By Erin Pittman
If you’re a business owner, you might have heard about the pluses of using AI, or artificial intelligence, to help save money and expedite customer service. It’s true. Bots like chat bots can provide fast, accurate responses to your customers. But just as bots have been invented to help make business better, nefarious folks out there have created a number of other ways to use bots for their own personal benefit.
What Is a Bot?
Simply put, bots are computer programs created to speak like humans. They can be used in both good and bad ways. Bots are created to automate tasks, which can save businesses and individuals money and time. Think about Siri and Alexa retrieving the daily weather or latest sports stats for you. You no longer have to pick up a newspaper or tune in to the 6:00 a.m. news to find that information, unless you want to.
Bots can also be used for ugly purposes. Fresh on everyone’s minds are the Russian bots used to spread misinformation in our last presidential election. You may also encounter spamming bots designed to draw traffic to specific accounts or websites to increase sales or to spread viruses. And there are vanity bots that can flood certain social media users or brands to make them appear more popular than they actually are.
How Do You Spot a Bot?
Bots created to help businesses speed services to customers are easy to spot. If a virtual assistant of sorts pops up the moment you visit a company’s website or immediately after you send a message on Facebook Messenger, you can assume you’re interacting with a bot. These bots can simply acknowledge receipt of your message and share when you can expect to hear back from someone, or more advanced ones can even answer questions and help you find the information you need.
So, those are good bots. How do you spot the bad ones? Take a look at social media. If you believe an account that’s followed you or is interacting with you is a bot, examine the account to see if any of these situations are present:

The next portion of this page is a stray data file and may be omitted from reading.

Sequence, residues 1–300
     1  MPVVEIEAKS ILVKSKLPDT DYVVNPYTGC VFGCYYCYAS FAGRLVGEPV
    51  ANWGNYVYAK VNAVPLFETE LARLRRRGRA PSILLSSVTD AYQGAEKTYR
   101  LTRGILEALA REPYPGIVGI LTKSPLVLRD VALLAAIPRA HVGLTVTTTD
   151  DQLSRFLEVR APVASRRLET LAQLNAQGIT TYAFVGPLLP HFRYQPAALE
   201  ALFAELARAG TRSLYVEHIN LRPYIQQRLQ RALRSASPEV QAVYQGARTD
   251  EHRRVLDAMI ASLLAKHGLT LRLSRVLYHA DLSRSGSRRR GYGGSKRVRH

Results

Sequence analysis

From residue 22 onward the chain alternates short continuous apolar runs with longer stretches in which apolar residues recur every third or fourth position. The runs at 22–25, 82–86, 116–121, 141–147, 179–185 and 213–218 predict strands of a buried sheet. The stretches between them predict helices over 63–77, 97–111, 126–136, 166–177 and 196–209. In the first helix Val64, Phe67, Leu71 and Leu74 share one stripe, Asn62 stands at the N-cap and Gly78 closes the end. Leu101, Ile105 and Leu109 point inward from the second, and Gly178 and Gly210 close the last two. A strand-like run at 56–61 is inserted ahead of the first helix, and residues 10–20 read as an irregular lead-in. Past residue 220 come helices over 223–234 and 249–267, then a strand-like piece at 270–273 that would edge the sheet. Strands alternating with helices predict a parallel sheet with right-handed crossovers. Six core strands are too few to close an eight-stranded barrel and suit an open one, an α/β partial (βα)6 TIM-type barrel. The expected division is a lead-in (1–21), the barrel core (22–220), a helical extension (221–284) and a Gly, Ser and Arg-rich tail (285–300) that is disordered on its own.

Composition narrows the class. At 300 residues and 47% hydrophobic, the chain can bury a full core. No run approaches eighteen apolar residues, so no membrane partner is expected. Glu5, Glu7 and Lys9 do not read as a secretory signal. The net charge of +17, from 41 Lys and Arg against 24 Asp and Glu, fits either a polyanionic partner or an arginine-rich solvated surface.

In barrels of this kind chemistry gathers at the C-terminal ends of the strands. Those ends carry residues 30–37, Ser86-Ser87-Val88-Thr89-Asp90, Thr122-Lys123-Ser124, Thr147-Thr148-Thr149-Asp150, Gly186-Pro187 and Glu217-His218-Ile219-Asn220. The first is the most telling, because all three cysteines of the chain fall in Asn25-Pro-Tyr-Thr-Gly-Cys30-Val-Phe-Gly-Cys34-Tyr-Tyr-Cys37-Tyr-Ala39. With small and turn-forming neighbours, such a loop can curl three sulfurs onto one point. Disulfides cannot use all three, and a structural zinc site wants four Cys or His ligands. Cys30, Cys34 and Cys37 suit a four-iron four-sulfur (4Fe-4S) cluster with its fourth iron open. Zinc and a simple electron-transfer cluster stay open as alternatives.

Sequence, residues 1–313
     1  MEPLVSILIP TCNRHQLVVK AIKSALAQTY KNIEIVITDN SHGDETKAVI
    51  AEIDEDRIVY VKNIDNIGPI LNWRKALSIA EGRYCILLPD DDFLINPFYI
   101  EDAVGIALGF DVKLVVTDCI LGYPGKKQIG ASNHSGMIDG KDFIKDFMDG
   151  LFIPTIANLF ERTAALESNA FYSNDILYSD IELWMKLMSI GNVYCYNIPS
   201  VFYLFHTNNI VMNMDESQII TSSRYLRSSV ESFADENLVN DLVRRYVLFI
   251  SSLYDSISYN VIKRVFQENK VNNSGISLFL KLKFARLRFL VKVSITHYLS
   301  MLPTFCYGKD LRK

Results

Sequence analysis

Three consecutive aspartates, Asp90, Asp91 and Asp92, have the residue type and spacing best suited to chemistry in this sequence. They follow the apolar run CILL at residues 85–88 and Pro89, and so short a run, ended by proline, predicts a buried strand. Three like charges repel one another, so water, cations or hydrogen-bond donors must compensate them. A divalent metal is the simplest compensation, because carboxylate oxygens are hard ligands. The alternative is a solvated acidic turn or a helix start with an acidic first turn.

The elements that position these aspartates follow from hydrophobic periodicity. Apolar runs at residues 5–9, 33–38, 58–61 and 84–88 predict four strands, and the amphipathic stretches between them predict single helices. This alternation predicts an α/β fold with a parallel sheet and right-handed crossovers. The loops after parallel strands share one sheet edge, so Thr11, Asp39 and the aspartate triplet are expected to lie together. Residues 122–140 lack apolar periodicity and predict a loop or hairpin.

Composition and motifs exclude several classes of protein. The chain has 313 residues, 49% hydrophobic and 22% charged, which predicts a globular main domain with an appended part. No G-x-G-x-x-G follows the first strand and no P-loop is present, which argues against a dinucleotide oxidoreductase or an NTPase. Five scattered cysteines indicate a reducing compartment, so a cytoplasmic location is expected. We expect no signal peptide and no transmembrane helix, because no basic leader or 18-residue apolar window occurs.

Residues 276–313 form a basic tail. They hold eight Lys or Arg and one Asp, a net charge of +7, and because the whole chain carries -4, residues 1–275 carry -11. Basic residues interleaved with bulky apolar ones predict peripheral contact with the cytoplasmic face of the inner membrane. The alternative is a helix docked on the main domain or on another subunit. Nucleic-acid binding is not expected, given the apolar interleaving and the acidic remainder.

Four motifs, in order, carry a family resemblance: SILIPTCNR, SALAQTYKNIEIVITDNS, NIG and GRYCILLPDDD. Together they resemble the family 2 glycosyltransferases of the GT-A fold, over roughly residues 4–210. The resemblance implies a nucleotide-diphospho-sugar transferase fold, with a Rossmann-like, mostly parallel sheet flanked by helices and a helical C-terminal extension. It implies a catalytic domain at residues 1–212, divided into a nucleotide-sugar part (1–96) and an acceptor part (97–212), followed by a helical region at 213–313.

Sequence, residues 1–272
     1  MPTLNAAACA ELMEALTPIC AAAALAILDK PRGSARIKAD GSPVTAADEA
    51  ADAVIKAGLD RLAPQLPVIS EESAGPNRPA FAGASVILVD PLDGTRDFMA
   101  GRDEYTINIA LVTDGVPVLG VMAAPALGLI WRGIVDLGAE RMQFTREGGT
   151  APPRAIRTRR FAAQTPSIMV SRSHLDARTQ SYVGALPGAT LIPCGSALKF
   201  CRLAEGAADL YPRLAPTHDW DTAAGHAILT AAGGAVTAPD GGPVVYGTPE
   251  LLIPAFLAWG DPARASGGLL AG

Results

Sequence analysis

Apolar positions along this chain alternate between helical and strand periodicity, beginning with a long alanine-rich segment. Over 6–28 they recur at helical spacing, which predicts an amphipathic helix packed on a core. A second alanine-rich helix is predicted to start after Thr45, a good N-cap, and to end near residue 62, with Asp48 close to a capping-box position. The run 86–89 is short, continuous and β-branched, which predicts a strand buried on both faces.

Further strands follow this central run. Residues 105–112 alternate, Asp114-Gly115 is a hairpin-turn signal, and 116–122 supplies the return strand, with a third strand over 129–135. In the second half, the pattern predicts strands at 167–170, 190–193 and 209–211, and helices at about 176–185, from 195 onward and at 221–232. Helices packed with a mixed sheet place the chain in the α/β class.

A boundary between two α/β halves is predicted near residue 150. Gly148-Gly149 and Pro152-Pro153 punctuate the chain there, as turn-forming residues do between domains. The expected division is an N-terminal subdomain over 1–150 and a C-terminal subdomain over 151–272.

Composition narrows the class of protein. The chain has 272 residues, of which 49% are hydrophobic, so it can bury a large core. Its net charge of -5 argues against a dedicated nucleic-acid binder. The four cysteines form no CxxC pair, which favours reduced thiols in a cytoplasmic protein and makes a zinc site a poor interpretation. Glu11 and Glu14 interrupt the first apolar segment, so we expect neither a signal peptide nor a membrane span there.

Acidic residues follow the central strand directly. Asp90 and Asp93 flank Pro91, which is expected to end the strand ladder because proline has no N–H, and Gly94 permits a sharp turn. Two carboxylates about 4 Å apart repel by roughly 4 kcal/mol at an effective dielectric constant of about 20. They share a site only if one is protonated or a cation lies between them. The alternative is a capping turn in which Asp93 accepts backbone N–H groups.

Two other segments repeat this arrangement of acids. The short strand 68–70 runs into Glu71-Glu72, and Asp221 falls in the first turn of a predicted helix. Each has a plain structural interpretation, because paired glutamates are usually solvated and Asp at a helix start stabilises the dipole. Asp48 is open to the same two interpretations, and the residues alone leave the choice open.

- Does the account have unusual spikes in activity? For example, does it appear to usually like only about 10 posts per day, and all of a sudden, it’s liked or retweeted 444 in an hour? It’s likely a bot.
- Does the account engage via comments? It’s simpler to program bots to only like accounts and posts and retweet or share them. It’s much more difficult to create bots that can comment, so a lack of comments can indicate you’ve uncovered a bot.
- Does the account have a huge following but engages very little? This can indicate that people have purchased vanity bots to make themselves look more popular than they are.
- Is the account sharing the same message over and over again? Like in the elections, this type of bot could have been created to push a certain agenda.
Spotting a bot doesn’t mean that you’re in danger or a slew of viruses are coming your way. It simply means you should realize the bot was created for a particular reason, and it’s important to be aware of what that reason is. Be an informed consumer and don’t get lured in by false claims or the potentially fake, over-inflated popularity of a product on social media. Bot or not, knowledge is always power.
“Your Words Mean Business” provides insights and tips to business owners, organizations and professionals seeking to better their performance and increase their bottom line through sharpening written and marketing communication skills.